Considering dgraph, have some newbie questions on if it makes sense for this use case

I find graph databases fascinating, but they are still a kind of unnatural way for me to approach a problem, so I’m not sure if it makes the most sense for what I am going to be building. This is essentially an insurance billing system that has a variety of one to many and many to many relationships, so essentially:
Insurance carriers
So a patient can have ‘n’ number of insurance carriers, diagnosis, treatment, etc.
A center can have ‘n’ number of patients and work with ‘n’ number of insurance carriers, etc.
Insurance carriers can work with ‘n’ number of patients and centers, etc.
you get the idea.
Then there is a lot of paperwork that gets attached to a patient, usually PDF files, that will follow them around.

In my limited experience with a graph database, it seems like it might make more sense than a typical relational database. What do you think?

Secondarily, I’m looking at languages. I’m considering WASM using golang or possibly Dart (there are reasons I need to focus as much as possible on Google technology). Is this feasible?
Thank you.

Hey @smga3000

Welcome to the coziest graph database community on Earth.

I agree with you that with the data you described, a graph DB makes a lot more sense than your typical relational database.

As a 10+ year user of Go, stick with Go :slight_smile: … but that’s my biased response. I do code in several other languages (Haskell, Ocaml, Rust etc), but time and again, I come back to Go. Something about the simplicity of the language that stops you from architect astronauting and just getting shit done.


I’m definitely a big fan of Go and have done some basic WASM tests with it and was pretty happy. This needs to run in a web browser, so I want to be as modern, maintainable, simple and scalable as possible, not to mention fast :slight_smile:

Alrighty then - let me know if you need help. I’m pretty new to dgraph myself (and graphql too), and we could always learn together.

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is anyone accessing dgraph through WASM or Dart that you know of? I don’t know how the api libraries for dgraph work exactly.

Hey @smga3000,

@CosmicPangolin1 is using Dart.

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Awesome, I’d love to connect with @CosmicPangolin1 to get some tips when he sees this :slight_smile:


Haha yes I am. I totally love Dart…I started coding with Flutter + Firebase, and I spent a lot of time learning language and architecture concepts through the Flutter and Dart GitHub threads (specifically from Erik Ernst, Bob Nystrom, and Ian Hickson). And while I now use Rust/JS/Ruby and all the acronym databases for a consulting dole I remain a huge proponent of Dart + Dgraph for most modern apps (I’d prolly prefer Rust for a raw performance concurrent system like Dgraph, hehe…and unfortunately Python for ML) :slight_smile:

There are several reasons, but the first one is really sufficient: Flutter and Dgraph are the tools that provide the highest incremental leverage in app architecture. In fact, both are epochal shifts in their category.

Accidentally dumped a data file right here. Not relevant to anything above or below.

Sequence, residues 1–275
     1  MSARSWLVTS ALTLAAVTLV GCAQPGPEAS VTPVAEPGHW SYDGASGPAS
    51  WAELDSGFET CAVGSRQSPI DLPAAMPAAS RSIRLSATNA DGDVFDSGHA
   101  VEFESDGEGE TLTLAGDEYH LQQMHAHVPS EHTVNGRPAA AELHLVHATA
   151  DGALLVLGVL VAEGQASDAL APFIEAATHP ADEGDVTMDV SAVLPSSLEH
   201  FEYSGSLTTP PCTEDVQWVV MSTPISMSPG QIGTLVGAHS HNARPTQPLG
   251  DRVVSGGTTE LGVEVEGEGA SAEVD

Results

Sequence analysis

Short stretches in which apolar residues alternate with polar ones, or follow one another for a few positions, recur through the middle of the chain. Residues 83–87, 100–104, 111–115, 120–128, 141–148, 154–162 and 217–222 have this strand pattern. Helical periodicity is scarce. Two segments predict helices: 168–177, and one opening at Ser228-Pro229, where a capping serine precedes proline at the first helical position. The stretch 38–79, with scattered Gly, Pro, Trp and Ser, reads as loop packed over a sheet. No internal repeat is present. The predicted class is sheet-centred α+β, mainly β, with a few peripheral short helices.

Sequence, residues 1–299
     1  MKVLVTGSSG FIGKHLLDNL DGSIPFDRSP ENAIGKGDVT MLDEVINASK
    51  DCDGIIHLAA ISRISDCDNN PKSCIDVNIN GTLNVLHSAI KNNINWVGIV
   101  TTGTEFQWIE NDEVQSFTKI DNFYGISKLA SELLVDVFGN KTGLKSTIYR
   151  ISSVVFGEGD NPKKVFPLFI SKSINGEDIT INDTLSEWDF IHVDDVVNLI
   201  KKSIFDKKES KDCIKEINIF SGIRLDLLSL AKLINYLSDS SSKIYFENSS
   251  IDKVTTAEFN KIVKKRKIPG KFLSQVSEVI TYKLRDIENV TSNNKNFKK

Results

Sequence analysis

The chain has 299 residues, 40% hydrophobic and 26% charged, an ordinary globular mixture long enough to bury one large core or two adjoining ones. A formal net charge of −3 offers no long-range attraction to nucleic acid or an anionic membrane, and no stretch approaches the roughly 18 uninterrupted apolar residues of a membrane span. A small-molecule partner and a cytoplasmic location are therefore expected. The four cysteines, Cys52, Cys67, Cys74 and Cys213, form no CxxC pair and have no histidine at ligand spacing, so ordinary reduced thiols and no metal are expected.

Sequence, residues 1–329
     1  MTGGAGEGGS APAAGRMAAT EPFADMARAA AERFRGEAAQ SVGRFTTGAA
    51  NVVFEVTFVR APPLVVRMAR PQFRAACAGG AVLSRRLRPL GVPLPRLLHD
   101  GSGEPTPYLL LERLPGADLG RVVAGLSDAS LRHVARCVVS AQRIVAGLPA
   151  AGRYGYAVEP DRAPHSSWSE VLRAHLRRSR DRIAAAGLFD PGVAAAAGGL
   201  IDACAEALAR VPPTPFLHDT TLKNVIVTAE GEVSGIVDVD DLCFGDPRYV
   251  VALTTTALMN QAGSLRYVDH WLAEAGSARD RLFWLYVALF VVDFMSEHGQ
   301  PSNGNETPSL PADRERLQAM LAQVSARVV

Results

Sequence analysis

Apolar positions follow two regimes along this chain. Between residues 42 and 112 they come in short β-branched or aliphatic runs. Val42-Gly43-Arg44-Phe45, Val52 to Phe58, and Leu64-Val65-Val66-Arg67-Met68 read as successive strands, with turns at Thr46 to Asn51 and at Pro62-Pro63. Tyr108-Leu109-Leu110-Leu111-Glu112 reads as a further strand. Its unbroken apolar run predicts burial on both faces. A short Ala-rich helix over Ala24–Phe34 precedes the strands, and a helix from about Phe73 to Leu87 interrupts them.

For UI/UX, Flutter provides true platform independence by efficiently shifting component rendering into client code. This has many positive consequences - including drastically increased expressiveness (eg. animations) and platform independence without sacrificing performance. That’s several obvious turns of leverage already - not only can I condense my app to one code base, but I can tackle designs that other people can’t handle with their tools.

For databasing, Dgraph + GraphQL allow you to fully represent your data with an elegant schema and traverse relationships such that you can query with any imaginable specificity. A good GraphQL database can handle anything enabled by NoSQL or SQL, but also substantially more. The other two are strictly constrained, both in query expression and performance, by the hacks they employ to ‘mimic’ the modeling of graph relationships…typically foreign keys and tight query constraints. Relationships are a core feature of data…in databases that don’t treat them like first-class citizens, you literally can’t even ask the right questions. God knows how much graph traversals increase leverage over time. The count of unlocked queries is proportional to data complexity, so it’s literally exponential when you’re thinking in complex social graphs :rofl:. Again, you can tackle designs other tools simply can’t handle.

These are huge deals, and I think their epochal significance is generally under-appreciated. People play technologies too safe in cases like this where relative leverage is heavily skewed towards one offering.

There are other reasons. Dart takes streams mainstream. The language’s performance improvement over time is impressive, and shows no signs of slowing down as they fold in new functional features and null-safety. It’s also really semantically clean - the team is great at choosing features to add and implementing them correctly. Thus it’s also great as a server language - and being able to build the majority of a company around one language is really, really nice.

The architecture patterns in Flutter emerging around streams are next-gen. Dgraph has insane raw-performance from excellent designs in Badger. All three communities are highly transparent projects with engaged communities. Etc, etc. :slight_smile:


Thank you very much for the great information. Let me know if you’re available for some short term freelancing as well :slight_smile:

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